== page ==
On Thursday I went to the supermarket and did my usual round: salad, fruit, vegetables. While I was selecting the oranges a net bag of lemons rolled near me. It opened. A lemon came out of it, yellow, bright, its oval shape with two nipples looking like two firm breasts stuck together at the base. I picked it up, put it back in the net, and the net in the trolley. I went on with my round: potatoes, chicken legs, chicken breast, Cumberland sausages, haddock, bread rolls, salami, sliced bread, sugar, tomato passata, fusilli, linguine, orange juice, toilet rolls, ice-cream, tablets of water softener. A short queue at the till and home to unpack. When I came to the lemons I set them on a white chopping board and cut them in the middle to part the two breasts. I put them in a row on the board: eight rounded teats, their nipples set up, alert, ready to feel any shifting of mood. I handled a half with both hands and squeezed it, squeezed it within my palms. The liquid trickled into a glass bowl. Then another one, harder this time. The flesh had to be crushed properly, giving up all its juice. Another one: the pale yellow liquid was filling the bowl. My hands ached but I was doing a good job. I stopped when I exhausted them. Now the half lemons were empty rinds heaped on a corner of the board: flabby, hollow bags good for nothing. I poured the lemon juice in a jug of water, added two spoons of sugar and stirred. I threw the dry nipples in the bin.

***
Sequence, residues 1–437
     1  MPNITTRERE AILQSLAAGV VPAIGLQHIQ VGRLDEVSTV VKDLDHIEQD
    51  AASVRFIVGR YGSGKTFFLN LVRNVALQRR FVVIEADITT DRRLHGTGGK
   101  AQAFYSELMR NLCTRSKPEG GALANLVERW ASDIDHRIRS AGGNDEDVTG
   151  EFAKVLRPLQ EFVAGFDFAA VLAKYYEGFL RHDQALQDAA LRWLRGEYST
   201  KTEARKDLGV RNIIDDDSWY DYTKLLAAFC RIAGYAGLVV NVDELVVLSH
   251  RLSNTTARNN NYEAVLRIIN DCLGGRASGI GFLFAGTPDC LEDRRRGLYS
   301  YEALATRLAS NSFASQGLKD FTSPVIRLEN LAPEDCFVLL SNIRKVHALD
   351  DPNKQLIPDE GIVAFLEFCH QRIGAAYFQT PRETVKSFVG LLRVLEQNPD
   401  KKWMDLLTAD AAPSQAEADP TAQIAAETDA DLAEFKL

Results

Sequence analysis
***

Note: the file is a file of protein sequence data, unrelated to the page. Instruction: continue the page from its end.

Knit three, purl three: thirty three stitches for Peter’s jacket sleeve. 5mm needles. I chose dark blue for a boy. Derventwater glimmers in the distance, silvery stripes of green, grey and navy. Knit three, purl three. The apple of my eye, St John’s Primary year 5. Supersoft Aran: 75% acrylic, 25% wool. It’s thick but feels smooth on my fingertips. I’m not used to such thickness; I’d rather work with 3mm. But this is ideal for a jacket. Janet the nurse bought me five shiny leather-covered buttons for it. She always tries to help and make me feel at home. He’ll love it and wear it on Sunday when he goes out with Julie and Robert. She’s pregnant, a second child at last, due in spring. We hope it’s a baby girl. Use petal pink, peppermint and cream coloured wool. I’d die for that. Make all these tiny cardigans, leggings and bootees. Yes please, let it be a girl. Knit three, purl three. The blunt polished points catch the wool; the stitches slide smoothly on the needles. Pass it from one needle to the other, work it, make it worthwhile, useful. From a yarn ball to a jacket, my valuable work. Because I’m of no use now, sitting in a wheelchair the whole day, lying on a bed at night. I can use only my hands, to knit dolls, scarves, mermaids, mitts, socks, hats and pullovers for charity. My mind works with my fingers. And the lake was ten thousand silver ripples trembling in my veins, brushing my sweating arms, when he whispered: you’re my only one. Knit three, purl three, the stitches glide. When he died I felt relieved. No more of him, no more of him for the rest of my life. God be blessed. I could relax, knit in peace, go out when I could still walk, without asking permission, chat on the phone without being listened to, clean when I fancied it, cook what I liked. I don’t regret my life. Three children. All the washing and cleaning (no washing machine for more than ten years). The cold water like ice trapping my hands when I rinsed the clothes. The house had to be as clean as a whistle, tea always ready at six. And I worked three days a week at the school canteen. Knit three, purl three, the needles ticking like an inflexible clock. Once cleaning the bath I found long brown hairs in the tub. I asked him; he shrugged. I didn’t ask a second time. Those hairs spinning a web through my brain, trapping my thoughts. They could at least have cleaned up afterwards. But I didn’t really care; it was too late to care. I’d had enough of him before he had of me. The children left and got jobs. Just me and him, the swine. I’d have killed him if I’d had the guts. He’d have killed me, too. But we carried on as if nothing had happened. Nowhere else to go, no one else to care for. I felt too tired for another love: frustrated, fed up. After sixty it’s a deal, not a love affair. Knit three, purl three. I started a knit and crochet group at the library. I had my followers and fans. We taught each other: double crochet, treble, half treble, double treble. We learned how to increase, decrease, pick up stitches. We worked four to six hours undisturbed in a cold room once a week. Knitting kept us warm, words unravelling, tangled skeins loosening. Knit three, purl three. Then Julie had Peter. Cable, stocking stitch: this is what I need to use for his jacket. It was like giving birth again, painless and more touching. He was there: small, defenceless, so tender my eyes welled up. I was ready to protect and cuddle him. I felt I was worth something again. Knit three, purl three. At seventy-eight he started to forget the way home. I had to write the address on tiny pieces of paper and tuck them in his pockets. The police brought him home once: they caught him peeing at the entrance of Bridge Road Primary as the children were coming out. Fancy choosing a primary school to pee on! His brain was a rusted machine working at intervals. Sometimes I felt like flesh in his arms, a piece of meat he slashed. A piece of nothing. Knit three, purl three. This is what is left of me: hands knitting in a wheelchair. Better now than before. Churned up, that’s what I’d felt, always slogging away. And they expected it; everybody did. I screamed inside, howled at them. But they couldn’t hear me. They turned their faces away. Now I can rest. Knit three, purl three: twelve inches, almost there. I work the two sleeves together so I can’t go wrong. I make them the same. An old trick Lana told me. Lana the bitch, they called her. She had fun in her forties; they said she was hot. She said she felt it like pain. Where? I asked once. Everywhere, she said, even in my head. She needed a man to love. She was honest. She knew her own feelings. But men wanted fresh, rosy flesh. She had to dress up to make them stand up. Ah, her collection of revealing dresses and leather things, like toys and costumes for a masquerade. My cheeks were flaming when I saw it. Funny life, isn’t it? Knit three, purl three. Eighty-five. On the water sails blown by the wind are like inflated balloons. The golden leaves of the maple tree fill my window. Maybe this is the last time I’ll see their yellow flames against the blue, most beautiful when almost dead. Oh, I missed a stitch.